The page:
baby formula infant milk

 Danone dominates the infant milk formula category with more than a 70% market share through its leading brand Aptamil

The Competition & Markets Authority (CMA) has been investigating profiteering across a number of UK food categories, and infant formula is one of the categories firmly in the spotlight. However, the CMA is now launching a full-scale review into the category, and is due to report its findings in September. The deadline for comments is 13 March. 

Last November, the CMA said the average price of infant formula in the UK had risen by a quarter over the past two years, with parents struggling with high formula prices during the cost of living crisis. The CMA will review the structure of the market and look at whether there are sufficient incentives to drive competition.

Infant milk formula is a category where parents are reluctant to trade down to private label, and in the case of the UK market, Danone dominates with more than a 70% market share through its leading brand Aptamil. Like all food companies, Danone has faced severe inflation, and would probably argue it has actually limited price increases due to its own productivity saving initiatives, which have offset one-third of its cost inflation. Despite retail pricing for infant formula moving higher, it is not clear whether Danone margins in UK infant formula are higher than before the spike in inflation, which is clearly a factor of interest to watch for as part of this review.

Either way, as dairy prices have come down, Danone has announced a 7% Aptamil price reduction to the trade, which should start to help affordability even if pricing remains at historically high levels. If input costs come down further, Danone may have scope to take pricing down further.

However, looking around the market, it is interesting to note cheaper own-label infant formula alternatives have taken, in some cases, far more pricing than the branded players in percentage terms, which demonstrates that record inflation was impacting all industry players. Consumer price inflation in the UK has been running at higher levels than in other European countries, and there are many other grocery brand prices that are up by more than a quarter over the same period, but are not in the spotlight in the same way as infant formula.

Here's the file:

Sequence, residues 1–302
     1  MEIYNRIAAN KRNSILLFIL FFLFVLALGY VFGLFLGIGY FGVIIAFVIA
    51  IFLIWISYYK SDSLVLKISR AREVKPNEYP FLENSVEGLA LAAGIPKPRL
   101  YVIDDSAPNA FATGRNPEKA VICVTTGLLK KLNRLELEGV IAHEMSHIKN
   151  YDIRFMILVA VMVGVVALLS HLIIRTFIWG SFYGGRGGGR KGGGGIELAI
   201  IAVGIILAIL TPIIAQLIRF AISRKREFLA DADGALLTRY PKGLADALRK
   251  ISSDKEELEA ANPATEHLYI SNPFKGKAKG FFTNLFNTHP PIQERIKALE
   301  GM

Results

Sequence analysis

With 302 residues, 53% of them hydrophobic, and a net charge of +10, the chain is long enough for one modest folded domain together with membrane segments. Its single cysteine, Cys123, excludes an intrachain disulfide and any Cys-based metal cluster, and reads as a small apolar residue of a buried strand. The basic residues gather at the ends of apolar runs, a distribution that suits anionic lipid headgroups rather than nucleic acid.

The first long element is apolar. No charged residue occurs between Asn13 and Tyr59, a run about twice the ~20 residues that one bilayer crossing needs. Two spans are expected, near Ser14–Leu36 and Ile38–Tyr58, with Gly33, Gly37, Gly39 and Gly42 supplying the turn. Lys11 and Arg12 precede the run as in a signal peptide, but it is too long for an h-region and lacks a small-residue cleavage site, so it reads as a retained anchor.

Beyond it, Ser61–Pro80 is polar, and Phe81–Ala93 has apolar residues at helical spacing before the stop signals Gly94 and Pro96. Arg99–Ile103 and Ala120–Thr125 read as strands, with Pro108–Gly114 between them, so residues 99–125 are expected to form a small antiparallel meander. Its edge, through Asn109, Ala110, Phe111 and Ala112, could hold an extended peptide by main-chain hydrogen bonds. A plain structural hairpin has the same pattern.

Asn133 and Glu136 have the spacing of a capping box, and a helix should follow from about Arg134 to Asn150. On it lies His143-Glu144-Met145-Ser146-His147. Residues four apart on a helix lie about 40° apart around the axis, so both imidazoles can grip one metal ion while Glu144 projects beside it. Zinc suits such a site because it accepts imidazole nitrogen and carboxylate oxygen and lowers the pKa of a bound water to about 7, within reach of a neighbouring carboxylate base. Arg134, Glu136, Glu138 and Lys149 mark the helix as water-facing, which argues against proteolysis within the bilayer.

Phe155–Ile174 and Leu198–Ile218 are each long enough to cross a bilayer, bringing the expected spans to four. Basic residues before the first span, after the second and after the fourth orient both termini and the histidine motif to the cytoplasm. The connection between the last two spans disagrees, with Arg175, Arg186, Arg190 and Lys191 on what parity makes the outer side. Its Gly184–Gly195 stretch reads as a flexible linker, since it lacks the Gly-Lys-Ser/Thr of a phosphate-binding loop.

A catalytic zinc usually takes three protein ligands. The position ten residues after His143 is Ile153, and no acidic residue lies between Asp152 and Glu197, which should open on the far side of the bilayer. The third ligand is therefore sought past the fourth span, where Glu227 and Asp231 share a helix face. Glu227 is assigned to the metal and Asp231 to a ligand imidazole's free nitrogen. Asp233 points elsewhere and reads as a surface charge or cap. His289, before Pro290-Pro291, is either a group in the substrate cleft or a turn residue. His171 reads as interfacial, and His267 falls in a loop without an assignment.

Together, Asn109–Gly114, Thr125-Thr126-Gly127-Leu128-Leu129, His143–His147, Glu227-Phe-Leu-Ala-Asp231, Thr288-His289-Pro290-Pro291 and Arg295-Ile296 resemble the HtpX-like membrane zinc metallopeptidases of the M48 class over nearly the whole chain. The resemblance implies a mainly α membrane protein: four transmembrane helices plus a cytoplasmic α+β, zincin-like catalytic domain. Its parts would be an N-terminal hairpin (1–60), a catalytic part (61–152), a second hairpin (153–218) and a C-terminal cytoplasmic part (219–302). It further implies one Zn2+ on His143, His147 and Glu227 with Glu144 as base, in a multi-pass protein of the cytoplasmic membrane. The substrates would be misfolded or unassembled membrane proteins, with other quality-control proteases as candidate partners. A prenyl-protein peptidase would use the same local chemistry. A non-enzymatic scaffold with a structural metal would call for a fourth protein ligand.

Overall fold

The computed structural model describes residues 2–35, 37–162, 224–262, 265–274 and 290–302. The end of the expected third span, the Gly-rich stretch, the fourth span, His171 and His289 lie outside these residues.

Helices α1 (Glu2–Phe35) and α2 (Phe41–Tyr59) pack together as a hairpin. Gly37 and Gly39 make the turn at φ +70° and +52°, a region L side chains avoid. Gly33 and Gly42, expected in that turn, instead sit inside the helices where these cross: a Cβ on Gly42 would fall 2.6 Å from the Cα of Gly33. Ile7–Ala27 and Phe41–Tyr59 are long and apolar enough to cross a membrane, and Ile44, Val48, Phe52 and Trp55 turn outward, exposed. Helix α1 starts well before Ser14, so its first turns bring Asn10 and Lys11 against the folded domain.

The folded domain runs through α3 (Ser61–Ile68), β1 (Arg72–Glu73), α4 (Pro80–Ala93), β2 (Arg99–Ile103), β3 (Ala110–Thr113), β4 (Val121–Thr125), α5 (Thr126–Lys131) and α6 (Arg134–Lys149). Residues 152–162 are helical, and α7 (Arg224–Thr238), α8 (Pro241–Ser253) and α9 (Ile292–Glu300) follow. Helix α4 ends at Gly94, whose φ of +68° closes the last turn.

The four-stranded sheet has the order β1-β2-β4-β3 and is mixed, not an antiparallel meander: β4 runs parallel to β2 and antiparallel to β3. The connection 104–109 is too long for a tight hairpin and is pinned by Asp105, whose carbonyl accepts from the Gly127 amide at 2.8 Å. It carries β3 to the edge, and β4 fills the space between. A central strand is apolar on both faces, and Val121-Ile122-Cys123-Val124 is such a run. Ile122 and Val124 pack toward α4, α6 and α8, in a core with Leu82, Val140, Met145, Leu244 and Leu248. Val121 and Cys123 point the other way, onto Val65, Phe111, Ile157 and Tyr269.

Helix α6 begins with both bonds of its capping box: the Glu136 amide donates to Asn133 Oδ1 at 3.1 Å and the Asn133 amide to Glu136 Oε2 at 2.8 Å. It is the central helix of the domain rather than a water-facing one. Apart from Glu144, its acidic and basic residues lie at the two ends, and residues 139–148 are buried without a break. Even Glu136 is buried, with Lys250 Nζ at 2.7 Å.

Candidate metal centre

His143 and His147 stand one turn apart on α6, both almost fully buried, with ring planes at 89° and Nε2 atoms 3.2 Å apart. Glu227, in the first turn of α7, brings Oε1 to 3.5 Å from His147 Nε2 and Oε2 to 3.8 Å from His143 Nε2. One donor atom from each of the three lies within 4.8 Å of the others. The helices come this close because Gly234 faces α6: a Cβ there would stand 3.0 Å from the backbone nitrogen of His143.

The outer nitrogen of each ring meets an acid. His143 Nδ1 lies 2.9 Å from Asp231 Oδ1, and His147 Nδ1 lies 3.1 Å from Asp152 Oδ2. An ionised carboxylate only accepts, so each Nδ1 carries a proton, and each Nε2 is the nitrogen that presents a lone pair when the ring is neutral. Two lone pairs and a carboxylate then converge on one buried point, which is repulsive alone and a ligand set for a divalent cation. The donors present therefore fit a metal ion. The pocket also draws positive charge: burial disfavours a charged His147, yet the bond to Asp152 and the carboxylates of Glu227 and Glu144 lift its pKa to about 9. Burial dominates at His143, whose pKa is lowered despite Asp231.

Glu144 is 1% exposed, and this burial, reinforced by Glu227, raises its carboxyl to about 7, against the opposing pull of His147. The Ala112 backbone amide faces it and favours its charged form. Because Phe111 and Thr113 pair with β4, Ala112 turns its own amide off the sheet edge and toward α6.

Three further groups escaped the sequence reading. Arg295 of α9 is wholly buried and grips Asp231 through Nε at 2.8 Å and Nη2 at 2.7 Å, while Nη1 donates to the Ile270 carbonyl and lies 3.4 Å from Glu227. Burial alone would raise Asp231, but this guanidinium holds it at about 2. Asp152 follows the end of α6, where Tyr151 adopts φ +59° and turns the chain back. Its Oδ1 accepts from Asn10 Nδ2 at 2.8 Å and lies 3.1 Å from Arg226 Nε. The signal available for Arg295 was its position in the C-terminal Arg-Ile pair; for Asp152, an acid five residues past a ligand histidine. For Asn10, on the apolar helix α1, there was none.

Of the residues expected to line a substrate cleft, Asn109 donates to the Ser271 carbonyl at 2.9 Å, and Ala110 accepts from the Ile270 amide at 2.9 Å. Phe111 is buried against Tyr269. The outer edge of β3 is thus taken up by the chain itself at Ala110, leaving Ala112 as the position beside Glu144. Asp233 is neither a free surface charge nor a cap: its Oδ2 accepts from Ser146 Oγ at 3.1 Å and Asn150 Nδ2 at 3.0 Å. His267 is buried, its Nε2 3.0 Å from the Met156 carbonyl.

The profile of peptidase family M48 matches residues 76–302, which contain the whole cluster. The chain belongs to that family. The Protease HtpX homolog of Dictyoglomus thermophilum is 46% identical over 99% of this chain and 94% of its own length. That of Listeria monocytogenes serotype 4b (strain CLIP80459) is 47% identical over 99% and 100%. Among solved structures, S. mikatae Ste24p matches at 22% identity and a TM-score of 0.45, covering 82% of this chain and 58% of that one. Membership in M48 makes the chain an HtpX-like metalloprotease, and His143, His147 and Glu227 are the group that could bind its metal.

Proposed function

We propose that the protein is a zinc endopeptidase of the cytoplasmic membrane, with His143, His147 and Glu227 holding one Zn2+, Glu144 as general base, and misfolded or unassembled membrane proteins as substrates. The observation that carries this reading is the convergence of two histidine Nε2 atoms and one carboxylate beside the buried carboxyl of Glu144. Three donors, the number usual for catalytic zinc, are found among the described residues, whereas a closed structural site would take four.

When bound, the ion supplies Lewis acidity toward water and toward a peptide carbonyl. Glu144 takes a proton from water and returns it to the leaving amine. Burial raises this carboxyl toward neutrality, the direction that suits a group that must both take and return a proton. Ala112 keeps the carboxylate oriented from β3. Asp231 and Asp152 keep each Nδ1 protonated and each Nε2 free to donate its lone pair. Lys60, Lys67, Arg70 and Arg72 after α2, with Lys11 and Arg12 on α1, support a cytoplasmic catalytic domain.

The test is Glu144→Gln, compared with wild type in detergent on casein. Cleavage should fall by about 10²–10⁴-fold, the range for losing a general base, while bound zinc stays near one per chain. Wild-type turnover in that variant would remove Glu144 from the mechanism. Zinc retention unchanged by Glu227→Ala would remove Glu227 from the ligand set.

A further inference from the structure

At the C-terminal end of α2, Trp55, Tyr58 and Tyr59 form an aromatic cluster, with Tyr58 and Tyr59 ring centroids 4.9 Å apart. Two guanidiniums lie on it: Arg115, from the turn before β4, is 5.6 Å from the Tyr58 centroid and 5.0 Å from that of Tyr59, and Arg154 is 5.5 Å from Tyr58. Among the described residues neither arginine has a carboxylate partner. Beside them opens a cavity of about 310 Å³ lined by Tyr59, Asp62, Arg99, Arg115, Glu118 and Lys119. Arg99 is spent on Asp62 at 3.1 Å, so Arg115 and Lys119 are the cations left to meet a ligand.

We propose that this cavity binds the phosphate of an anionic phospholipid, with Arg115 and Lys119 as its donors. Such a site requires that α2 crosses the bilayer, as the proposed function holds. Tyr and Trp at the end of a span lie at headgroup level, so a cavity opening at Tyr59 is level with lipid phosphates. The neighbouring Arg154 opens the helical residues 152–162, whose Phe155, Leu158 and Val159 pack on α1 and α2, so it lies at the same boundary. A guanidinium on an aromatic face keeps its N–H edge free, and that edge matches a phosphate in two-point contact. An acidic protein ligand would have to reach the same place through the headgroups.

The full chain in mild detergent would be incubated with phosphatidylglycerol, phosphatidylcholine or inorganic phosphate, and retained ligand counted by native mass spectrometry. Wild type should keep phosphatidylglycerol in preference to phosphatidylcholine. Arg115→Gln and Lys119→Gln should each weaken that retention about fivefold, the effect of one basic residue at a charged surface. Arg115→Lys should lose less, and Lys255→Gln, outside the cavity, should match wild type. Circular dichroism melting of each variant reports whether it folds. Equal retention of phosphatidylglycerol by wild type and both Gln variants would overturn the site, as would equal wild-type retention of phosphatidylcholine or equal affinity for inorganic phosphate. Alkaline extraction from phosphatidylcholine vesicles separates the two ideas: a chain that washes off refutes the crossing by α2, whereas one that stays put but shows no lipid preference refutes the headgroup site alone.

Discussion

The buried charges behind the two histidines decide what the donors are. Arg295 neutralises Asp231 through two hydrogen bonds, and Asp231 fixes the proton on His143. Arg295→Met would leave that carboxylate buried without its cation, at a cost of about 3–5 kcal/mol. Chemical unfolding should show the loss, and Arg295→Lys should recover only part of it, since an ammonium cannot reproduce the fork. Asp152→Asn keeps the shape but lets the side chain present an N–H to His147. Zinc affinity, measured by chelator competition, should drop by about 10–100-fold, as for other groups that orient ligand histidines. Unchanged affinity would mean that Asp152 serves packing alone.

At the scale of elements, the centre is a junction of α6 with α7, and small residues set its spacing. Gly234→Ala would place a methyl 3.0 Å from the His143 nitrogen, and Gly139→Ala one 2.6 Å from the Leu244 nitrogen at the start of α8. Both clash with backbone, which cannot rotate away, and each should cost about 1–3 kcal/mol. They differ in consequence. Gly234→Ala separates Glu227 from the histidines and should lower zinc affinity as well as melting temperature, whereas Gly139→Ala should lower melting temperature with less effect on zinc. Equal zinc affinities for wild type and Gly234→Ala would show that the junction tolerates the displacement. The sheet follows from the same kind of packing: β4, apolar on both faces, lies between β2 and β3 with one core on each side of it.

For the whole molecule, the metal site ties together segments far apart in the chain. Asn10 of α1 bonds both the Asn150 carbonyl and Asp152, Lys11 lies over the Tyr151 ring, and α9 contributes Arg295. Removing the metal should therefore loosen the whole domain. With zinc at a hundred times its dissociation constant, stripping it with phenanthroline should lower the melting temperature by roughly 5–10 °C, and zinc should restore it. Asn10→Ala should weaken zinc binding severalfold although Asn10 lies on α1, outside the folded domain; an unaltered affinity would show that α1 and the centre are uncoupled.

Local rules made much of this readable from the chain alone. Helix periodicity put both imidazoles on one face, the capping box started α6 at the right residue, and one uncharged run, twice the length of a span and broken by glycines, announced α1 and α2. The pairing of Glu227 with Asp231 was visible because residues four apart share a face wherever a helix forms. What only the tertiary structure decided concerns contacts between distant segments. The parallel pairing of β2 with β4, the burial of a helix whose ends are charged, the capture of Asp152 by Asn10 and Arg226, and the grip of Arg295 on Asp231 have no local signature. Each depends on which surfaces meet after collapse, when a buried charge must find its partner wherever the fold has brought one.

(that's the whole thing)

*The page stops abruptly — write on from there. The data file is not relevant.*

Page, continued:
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In terms of the structure of the UK infant formula market, while Danone and Nestlé do dominate, we are seeing the emergence of a third branded player, Kendamil, which is gaining market share and increasing competition.

The other issue which seems different in the UK is that in many other countries, governments and healthcare providers recommend growing-up milks for babies over the age of one, rather than moving them over to solids more quickly. The NHS no longer recommends this, and says it is fine to use first-formula after breastfeeding and up to one year old. Whatever the health consequences of this view is, this is impacting the size of the stage two and stage three infant milk formula segments in the UK.

The fundamental issue is that in almost all countries in the world, there are only a handful of global infant milk formula players, and that is unlikely to change anytime soon given high barriers to entry. It will be interesting to see what conclusions the CMA comes up with, in what is obviously a complex area.